As NewsBusters reported Sunday, Newsweek’s current issue featured a cover story blasting anthropogenic global warming skeptics as "deniers," and pointing fingers at companies like ExxonMobil as participating in a coordinated misinformation campaign akin to the tobacco industry misleading citizens about the dangers of cigarette smoking.
Ten years ago today the U.S. Senate did something that at the time seemed significant and now seems remarkably foresightful. By a vote of 95 to 0, the Senate voted in favor of the Byrd-Hagel resolution, which expressed the Sense of the Senate on the upcoming global warming negotiations in Kyoto, Japan.
Ilulissat, Greenland – The July 27-29 2007 U.S. Senate trip to Greenland to investigate fears of a glacier meltdown revealed an Arctic land where current climatic conditions are neither alarming nor linked to a rise in man-made carbon dioxide emissions, according to many of the latest peer-reviewed scientific findings.
TOKYO – Japan‘s plan to cut carbon dioxide emissions under the Kyoto Protocol could be affected if an earthquake-hit nuclear power plant is closed for a long time, the country’s trade minister said on Tuesday.
Litigation: We wondered what trial lawyers would gun for next after smoking the tobacco industry. Fast-food chains? Soft-drink bottlers? Gun makers? How about companies that contribute to . . . global warming?
Though the 2007 hurricane season is off to a slow start, my colleague Phil Klotzbach and I will be updating our seasonal Atlantic Basin Hurricane Activity Forecast on Aug 3. We still anticipate another active season — an above-average number of major hurricanes with maximum sustained winds in excess of 110mph.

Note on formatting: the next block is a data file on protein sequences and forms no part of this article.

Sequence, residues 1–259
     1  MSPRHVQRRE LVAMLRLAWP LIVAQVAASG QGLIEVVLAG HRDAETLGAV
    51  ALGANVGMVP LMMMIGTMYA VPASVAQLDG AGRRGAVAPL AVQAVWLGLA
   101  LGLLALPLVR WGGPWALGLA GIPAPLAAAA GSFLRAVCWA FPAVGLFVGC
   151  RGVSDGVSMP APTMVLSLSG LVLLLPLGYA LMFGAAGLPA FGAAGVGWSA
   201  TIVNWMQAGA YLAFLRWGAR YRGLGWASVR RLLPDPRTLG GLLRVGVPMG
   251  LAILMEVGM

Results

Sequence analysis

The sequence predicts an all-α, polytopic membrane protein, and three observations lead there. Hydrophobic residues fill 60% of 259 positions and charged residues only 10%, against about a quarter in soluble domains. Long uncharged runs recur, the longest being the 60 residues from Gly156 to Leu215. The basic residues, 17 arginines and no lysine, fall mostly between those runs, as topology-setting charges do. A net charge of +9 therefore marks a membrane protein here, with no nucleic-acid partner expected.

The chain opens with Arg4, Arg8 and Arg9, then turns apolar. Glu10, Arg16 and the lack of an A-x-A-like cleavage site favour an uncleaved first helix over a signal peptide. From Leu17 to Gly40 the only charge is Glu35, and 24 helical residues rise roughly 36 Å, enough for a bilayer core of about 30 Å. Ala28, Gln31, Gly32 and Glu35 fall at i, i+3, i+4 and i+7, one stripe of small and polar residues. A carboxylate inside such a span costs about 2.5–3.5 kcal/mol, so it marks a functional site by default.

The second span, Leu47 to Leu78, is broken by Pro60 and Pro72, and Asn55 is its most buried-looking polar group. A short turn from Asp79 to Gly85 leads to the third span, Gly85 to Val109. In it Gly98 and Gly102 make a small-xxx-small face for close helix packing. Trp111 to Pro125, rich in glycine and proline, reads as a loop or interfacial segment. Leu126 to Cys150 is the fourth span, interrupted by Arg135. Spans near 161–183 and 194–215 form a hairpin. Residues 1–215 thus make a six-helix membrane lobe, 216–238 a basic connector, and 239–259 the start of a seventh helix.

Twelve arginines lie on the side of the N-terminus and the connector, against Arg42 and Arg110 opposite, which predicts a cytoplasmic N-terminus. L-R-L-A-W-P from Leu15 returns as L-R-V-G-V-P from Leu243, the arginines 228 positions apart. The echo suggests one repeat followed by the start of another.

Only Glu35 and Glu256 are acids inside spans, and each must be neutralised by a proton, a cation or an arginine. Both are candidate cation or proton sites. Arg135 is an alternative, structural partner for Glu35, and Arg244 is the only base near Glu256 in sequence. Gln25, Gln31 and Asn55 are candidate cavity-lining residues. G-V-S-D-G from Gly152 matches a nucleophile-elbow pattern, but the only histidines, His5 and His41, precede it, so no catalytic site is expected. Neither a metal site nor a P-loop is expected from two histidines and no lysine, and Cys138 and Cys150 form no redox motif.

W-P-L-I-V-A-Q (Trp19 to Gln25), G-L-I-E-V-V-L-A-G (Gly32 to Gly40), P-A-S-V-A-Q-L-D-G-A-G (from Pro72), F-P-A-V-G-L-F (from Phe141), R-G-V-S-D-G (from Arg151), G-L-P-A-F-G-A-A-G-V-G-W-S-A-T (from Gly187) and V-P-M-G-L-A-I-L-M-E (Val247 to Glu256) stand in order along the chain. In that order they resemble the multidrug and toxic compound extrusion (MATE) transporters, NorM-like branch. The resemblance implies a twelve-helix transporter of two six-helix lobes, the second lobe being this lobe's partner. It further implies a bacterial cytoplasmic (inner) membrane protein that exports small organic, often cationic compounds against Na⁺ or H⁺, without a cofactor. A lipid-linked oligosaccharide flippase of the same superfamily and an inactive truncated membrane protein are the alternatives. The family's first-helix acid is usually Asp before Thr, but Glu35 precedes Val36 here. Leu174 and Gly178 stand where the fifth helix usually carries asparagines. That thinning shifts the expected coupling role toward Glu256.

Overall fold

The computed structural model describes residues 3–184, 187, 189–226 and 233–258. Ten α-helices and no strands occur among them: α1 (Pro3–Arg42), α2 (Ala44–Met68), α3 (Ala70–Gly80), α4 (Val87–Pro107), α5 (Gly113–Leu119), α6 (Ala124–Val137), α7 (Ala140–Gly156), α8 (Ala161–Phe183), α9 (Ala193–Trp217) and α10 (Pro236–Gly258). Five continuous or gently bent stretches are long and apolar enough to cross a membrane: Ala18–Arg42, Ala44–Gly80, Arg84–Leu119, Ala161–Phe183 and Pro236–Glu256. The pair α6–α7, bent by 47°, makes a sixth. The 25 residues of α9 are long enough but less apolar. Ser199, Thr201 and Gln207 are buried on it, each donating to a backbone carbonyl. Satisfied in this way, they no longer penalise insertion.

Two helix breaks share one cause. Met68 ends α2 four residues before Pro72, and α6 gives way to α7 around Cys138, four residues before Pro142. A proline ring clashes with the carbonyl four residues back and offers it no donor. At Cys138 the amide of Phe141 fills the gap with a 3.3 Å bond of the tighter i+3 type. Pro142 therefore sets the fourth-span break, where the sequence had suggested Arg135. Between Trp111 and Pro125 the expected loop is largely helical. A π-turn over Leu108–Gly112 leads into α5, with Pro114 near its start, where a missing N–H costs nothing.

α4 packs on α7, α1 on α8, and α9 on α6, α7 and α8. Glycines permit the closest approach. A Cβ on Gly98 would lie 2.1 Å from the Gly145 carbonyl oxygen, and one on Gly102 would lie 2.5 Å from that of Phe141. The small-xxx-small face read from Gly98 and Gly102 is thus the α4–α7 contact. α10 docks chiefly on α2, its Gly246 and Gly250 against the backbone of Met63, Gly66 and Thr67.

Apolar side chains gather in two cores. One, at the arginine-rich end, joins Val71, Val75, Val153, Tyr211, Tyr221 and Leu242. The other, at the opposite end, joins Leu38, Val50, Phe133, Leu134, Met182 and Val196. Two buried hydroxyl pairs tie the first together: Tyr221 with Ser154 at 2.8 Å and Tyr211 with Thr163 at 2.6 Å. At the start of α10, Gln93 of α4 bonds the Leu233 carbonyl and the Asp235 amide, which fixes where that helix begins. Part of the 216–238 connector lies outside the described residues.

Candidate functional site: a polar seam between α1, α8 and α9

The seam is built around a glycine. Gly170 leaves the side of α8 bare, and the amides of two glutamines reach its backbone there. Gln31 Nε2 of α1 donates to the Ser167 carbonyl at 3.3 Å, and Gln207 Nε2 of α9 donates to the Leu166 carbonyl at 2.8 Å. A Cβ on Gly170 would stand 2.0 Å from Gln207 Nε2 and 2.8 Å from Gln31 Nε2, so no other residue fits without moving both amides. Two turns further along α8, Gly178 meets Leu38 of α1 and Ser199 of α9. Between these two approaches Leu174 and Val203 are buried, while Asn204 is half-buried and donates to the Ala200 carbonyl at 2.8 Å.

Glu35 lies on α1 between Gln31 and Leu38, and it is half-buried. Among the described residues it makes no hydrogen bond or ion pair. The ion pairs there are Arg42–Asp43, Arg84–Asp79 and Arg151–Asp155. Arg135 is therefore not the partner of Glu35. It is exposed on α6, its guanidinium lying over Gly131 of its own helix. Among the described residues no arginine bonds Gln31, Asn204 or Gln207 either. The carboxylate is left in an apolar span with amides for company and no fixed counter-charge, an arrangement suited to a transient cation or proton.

Manmade global warming alarmism took a disgraceful turn for the worse this weekend when Newsweek published a lengthy cover-story repeatedly calling skeptics "deniers" that are funded by oil companies and other industries with a vested interest in obfuscating the truth.
At least 70 children have died during a spell of freezing weather in the Andean regions of Peru, officials have said. File photo of a young child in the AndesThe children, all under five years old, died of pneumonia and other respiratory illnesses over the past three months.
Droughts are becoming longer and more intense … at least according to Al Gore, who made this unequivocal declaration in his 21 March 2007 testimony before the United States Senate’s Environment & Public Works Committee.
Hurricanes are getting stronger … at least that’s the word from Al Gore, who made this factual-sounding declaration in his 21 March 2007 testimony before the United States Senate’s Environment & Public Works Committee. But is this contention true? And if so – or if not – why?